‘Study highlights the pressing need to invest in public health’ says RCM on new Lancet study
A new study published today by The Lancet which compares child mortality in England and Sweden – two high-income countries with similar levels of economic development and universal healthcare seeks to understand factors driving higher rates of child mortality in England.
Deaths in children under-5 years old occur one and half times more often in England than in Sweden, according to an inter-country comparison of child mortality including more than 3.9 million English births and 1 million Swedish births, published in The Lancet.
According to the study the difference is largely due to children in England typically weighing less at birth, being born earlier, and having more birth anomalies (such as congenital heart defects) than in Sweden.
The authors say that public health interventions to help improve the health of mothers before and during pregnancy, as well as reducing socioeconomic disadvantage overall, will be important to improve the health of babies at birth and increase their survival
Commenting on the research, Mervi Jokinen, Practice and Standards Professional Advisor at the Royal College of Midwives (RCM) said; “This is further evidence about the often tragic impact of inequality in the UK and about the need to reduce these inequalities. It highlights the pressing need to invest in public health to prevent deaths that could perhaps be avoided. There are efforts being made for example in Wales and Scotland where their Governments are both taking a strong stance in seeking to address the issue of health inequalities.
“The RCM has persistently highlighted this issue and stressed the importance of having good public health systems in place, and the key role that midwives have in promoting public health. We need to see much more robust policies for pregnant women and the early years to reduce the impact of deprivation.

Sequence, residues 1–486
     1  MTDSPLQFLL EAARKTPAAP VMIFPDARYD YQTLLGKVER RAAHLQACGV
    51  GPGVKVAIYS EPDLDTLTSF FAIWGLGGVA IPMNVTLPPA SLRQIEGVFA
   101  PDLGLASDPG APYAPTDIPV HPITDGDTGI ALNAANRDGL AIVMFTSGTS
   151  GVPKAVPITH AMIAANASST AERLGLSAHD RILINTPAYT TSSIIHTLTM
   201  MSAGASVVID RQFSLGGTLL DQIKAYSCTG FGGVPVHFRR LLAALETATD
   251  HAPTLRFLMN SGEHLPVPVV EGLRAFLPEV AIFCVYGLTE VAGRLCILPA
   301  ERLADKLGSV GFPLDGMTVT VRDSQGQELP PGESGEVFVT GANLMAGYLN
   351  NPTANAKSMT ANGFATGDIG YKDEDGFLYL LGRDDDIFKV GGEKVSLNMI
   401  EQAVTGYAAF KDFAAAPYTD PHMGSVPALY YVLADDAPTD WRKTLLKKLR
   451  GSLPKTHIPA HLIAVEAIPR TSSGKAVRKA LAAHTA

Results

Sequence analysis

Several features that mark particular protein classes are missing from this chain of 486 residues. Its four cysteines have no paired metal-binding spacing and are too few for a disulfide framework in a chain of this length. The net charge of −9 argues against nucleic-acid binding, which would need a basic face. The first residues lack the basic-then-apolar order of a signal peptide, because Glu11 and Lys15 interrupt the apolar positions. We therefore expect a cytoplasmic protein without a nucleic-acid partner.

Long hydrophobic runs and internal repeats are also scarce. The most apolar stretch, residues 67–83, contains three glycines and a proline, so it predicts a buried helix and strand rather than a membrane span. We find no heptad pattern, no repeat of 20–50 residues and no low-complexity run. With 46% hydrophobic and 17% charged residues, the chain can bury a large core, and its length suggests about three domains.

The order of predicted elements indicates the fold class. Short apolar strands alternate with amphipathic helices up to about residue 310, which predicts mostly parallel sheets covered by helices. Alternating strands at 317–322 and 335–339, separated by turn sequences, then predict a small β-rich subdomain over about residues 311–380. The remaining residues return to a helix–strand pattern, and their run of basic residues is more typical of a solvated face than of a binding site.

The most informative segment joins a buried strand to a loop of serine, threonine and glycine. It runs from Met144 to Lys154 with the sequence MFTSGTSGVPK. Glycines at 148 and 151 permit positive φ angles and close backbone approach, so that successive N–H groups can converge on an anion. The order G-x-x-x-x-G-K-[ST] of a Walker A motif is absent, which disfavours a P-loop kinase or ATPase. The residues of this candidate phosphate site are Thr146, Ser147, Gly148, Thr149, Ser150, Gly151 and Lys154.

“There may also be scope here for the UK to learn from Sweden where midwives have a strong pre-conception role which on the whole is not the case in the UK. Schools in Sweden also have sessions from midwives for boys and girls promoting family planning and how to be in the best possible health for pregnancy and parenthood. They are seen vital for early prevention of illnesses later in life.
“Despite research such as this we are seeing cuts to public health budgets in England which flies in the face of the evidence about its benefits, and indeed, the need to invest even more in preventing ill health and potentially saving lives.”
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The RCM is the only trade union and professional association dedicated to serving midwifery and the whole midwifery team. We provide workplace advice and support, professional and clinical guidance and information, and learning opportunities with our broad range of events, conferences and online resources. For more information visit the RCM website at https://www.rcm.org.uk/